6 items from 2013
The Victorians really did invent the first vibrator to cure women of various 'afflictions', but the reality probably wasn't anything like as much fun as is depicted here
Director: Tanya Wexler
Entertainment grade: C
History grade: C+
The first mechanical vibrator designed for the massage of men and women was invented in the early 18th century. As the industrial revolution progressed, it was succeeded by devices powered by water, steam and electricity.
Mortimer Granville (Hugh Dancy) is an idealistic doctor in Victorian London, trying to convince his sceptical colleagues of germ theory and the importance of hygiene. This annoys them so much that he keeps getting sacked, and he finally ends up at the upmarket practice of Robert Dalrymple (Jonathan Pryce), treating ladies suffering from hysteria. According to Dr Rachel P Maines of the Cornell University School of Electrical and Computer Engineering, whose enthralling book The Technology of »
- Alex von Tunzelmann
Caring Across Generations - a movement of 3 million people across the country uniting to ensure that all Americans have access to quality homecare - has partnered with actress Adepero Oduye (Pariah), Tony nominees Kathleen Chalfant (Wit), Josh Young (Jesus Christ Superstar), Micki Grant (Having Our Say), and filmmaker Tanya Wexler (Hysteria) to present "Care Is...", a series of 4 video PSAs that portray moments of care that many will find familiar. Launching on Mother's Day, the series was written in collaboration with award-winning Off Broadway playwrights Winter Miller, Alex Beech, Leila Buck and Eric Lockley, and »
- Tambay A. Obenson
A Scandalous Method: Winocour’s Debut a Rich Case Study
Celebrated filmmaker Alice Winocour, renowned for several of her short films, makes a compelling debut with Augustine, based on the real life case study of a highly publicized teenage patient of a 19th century French neurologist. Subtle and sharply observed, unlike the shrill and spurious 2011 David Cronenberg A Dangerous Method, which shares similar unprofessional patient and doctor themes, Winocour creates an entrancing, impressionistic portrayal of historical sexism and exploitation.
In 1885 Paris, Augustine (Soko), an illiterate housemaid, suffers from a series of seizures, which usually results in partial paralysis of various body parts. After one such violent and very public display, Augustine awakens to find one of her eyes shut tight, and so her cousin, who works in the same household, shuttles her off to the Hospital of Pitie Salpetre and there she is placed under observation by the famed Professor »
- Nicholas Bell
Chicago – If a film were meant to be judged purely on the basis of its final shot, then Daniel Barnz’s “Won’t Back Down” would be an unqualified success. The image of a little girl finally learning to pronounce the word “hope” could’ve easily been a cheesy contrivance straight out of a Feldco commercial. Even on paper, the shot sounds downright silly.
The fact that it works so well is a testament to the strength of Roman Osin’s cinematography (which visually brings the picture full circle), the tender performance by Emily Alyn Lind (of “Enter the Void” fame) and editor Kristina Boden’s impeccably timed cut to black. Indeed, the shot is a small triumph, but it is regrettably preceded by a great many other shots that don’t work at all.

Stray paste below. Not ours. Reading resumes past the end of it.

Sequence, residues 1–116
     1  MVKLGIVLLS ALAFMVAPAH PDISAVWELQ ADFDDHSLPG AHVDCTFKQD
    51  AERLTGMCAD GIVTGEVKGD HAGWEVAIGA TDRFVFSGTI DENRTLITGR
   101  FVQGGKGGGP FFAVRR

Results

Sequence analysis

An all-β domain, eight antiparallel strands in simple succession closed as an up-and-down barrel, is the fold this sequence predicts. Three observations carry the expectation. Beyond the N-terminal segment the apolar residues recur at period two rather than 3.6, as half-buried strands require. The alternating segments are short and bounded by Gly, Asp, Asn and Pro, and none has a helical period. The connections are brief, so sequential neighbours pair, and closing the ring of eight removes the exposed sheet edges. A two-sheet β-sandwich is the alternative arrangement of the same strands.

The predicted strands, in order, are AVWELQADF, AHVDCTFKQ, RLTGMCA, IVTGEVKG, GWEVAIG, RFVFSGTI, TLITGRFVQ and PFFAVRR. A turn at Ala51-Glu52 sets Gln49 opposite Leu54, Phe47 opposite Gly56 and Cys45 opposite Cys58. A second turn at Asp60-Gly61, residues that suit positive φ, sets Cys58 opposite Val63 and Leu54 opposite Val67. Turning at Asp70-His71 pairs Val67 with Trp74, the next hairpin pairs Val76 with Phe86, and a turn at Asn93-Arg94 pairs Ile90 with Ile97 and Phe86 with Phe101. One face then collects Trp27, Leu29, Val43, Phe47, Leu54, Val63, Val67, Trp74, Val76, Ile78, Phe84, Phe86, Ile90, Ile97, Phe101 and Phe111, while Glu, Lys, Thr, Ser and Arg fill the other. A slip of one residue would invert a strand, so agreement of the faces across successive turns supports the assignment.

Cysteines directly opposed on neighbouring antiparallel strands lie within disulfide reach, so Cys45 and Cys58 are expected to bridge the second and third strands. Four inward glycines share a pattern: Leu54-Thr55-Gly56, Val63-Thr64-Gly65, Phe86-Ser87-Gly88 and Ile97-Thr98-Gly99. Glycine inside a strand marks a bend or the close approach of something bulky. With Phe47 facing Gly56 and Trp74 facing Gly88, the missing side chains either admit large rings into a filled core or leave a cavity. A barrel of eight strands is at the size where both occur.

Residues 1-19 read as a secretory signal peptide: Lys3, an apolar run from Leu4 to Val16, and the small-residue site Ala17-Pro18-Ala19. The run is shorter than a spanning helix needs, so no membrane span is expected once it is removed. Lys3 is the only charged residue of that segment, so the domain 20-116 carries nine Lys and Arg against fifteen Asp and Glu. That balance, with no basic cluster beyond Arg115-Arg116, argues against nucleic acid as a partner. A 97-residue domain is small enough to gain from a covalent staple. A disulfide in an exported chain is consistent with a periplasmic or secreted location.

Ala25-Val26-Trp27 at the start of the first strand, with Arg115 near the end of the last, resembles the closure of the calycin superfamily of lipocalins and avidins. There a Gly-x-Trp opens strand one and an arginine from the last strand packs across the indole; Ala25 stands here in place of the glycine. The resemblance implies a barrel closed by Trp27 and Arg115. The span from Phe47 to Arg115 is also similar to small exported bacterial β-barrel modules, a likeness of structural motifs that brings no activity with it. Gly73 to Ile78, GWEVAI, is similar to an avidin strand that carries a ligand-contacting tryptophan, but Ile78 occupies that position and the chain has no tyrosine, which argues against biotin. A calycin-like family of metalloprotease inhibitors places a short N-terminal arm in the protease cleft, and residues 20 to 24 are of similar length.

Blu-ray Rating: 2.0/5.0
This picture was a critical and financial flop that likely was further damaged »
- firstname.lastname@example.org (Adam Fendelman)
There's a divided verdict on whether that archetypal dystopian judge, jury and executioner has been well-served (or otherwise) by the British fantasy actioner Dredd (2012, Entertainment, 18). A disappointment at the box office, the film nevertheless won praise from fans of the 2000Ad comic strip, who admired its gritty edge and fittingly nihilistic tone.
Certainly it does much to restore the cosmic balance after the bloated 90s misfire Judge Dredd, which replaced the comic with the comedic (who could forget Rob Schneider's tooth-grating turn as a slappably whacky sidekick?) and left audiences laughing at, rather than with, the picture.
Unlike his superstar predecessor Sly Stallone, whose face was too famous to be hidden beneath Dredd's trademark helmet, Karl Urban proudly embraces below-the-nose acting, playing it with a stiff jaw and curled upper lip, which authentically replicate the source material. Whatever its faults, Pete Travis's tightly »
- Mark Kermode
In an age of invention, one man set out to find a medical cure for what ails women … and accidentally electrified our love lives forever. Coming to DVD on January 14, 2013 courtesy of Sony Pictures Home Entertainment, Hysteria is a lighthearted, romantic comedy that tells the surprising story of the birth of the electro-mechanical vibrator at the very peak of Victorian prudishness.
Academy Award® nominee Maggie Gyllenhaal (Best Supporting Actress, Crazy Heart, 2009) and Hugh Dancy (Adam, Confessions of a Shopaholic, The Jane Austen Book Club) lead an accomplished cast, including Rupert Everett (My Best Friend’s Wedding, The Importance of Being Earnest) Jonathan Pryce (Pirates of the Caribbean franchise, Evita), Ashley Jensen (TV’s “Ugly Betty”) and Felicity Jones (Like Crazy, Brideshead Revisited) in this charming yet irreverent untold tale of discovery.
- Matt Holmes
6 items from 2013
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